April 29, 2005
Harvard History Professor David Armitage to speak on the Declaration of Independence
David Armitage, Professor of History at Harvard University, will speak on “The Declaration of Independence in World History” at Colonial Williamsburg’s DeWitt Wallace Decorative Art Museum at 5:30 p.m., Thursday, May 19. The lecture is in conjunction with the “Principles of Freedom” exhibition currently on display at the Wallace Museum, which features a rare 1823 “Stone” copy of the Declaration. In 1820, Secretary of State John Quincy Adams commissioned Washington, D.C., engraver William J. Stone (1798-1865) to make official facsimiles of the historic document, which had become extremely fragile over the years from repeated rolling and unrolling. Stone painstakingly engraved the text onto a copper plate and produced 201 parchment copies, 31 of which still exist. Admission to the program is included in museum admission, but reservations are required and are available at any Colonial Williamsburg ticket location, including the Museums Shop, or by calling (757) 220-7693 between 10 a.m. and 7 p.m.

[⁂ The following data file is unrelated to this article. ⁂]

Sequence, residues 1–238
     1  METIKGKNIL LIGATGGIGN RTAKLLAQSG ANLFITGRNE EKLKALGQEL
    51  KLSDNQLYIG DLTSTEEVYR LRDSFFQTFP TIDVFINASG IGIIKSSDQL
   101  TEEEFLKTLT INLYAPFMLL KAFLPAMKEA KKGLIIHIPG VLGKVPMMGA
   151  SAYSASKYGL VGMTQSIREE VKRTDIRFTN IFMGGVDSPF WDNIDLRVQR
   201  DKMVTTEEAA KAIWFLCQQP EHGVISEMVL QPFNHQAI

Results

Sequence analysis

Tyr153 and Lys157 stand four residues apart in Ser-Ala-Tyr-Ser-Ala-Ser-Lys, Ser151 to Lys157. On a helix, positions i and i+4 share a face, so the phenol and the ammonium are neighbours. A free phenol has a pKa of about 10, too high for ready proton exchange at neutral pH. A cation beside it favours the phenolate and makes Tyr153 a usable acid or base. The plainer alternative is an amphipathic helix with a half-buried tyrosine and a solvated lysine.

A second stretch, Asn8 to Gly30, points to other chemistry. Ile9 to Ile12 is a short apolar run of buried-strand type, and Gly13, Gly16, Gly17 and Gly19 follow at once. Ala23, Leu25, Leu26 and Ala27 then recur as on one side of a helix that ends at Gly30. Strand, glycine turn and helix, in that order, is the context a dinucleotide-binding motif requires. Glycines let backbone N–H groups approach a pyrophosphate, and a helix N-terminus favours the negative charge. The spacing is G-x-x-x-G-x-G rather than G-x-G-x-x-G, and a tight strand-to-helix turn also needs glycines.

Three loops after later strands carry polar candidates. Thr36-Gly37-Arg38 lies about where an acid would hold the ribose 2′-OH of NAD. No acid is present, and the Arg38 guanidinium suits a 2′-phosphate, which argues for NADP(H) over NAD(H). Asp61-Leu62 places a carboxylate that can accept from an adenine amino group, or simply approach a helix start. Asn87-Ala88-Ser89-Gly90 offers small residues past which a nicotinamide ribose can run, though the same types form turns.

Prof. Armitage, who currently is completing a global history of the Declaration of Independence, as well as an edition of John Locke’s colonial writings and a study of the foundations of modern international thought, has authored a number of important history texts including “Greater Britain, 1516-1776: Essays in Atlantic History” (2004) and “The Ideological Origins of the British Empire” (2000), winner of the Longman History Today Book of the Year. Armitage also is editor or co-editor of five other books, including “Theories of Empire, 1450-1800” (1998) and “The British Atlantic World, 1500-1800” (2002).
For program information call (757) 220-7724.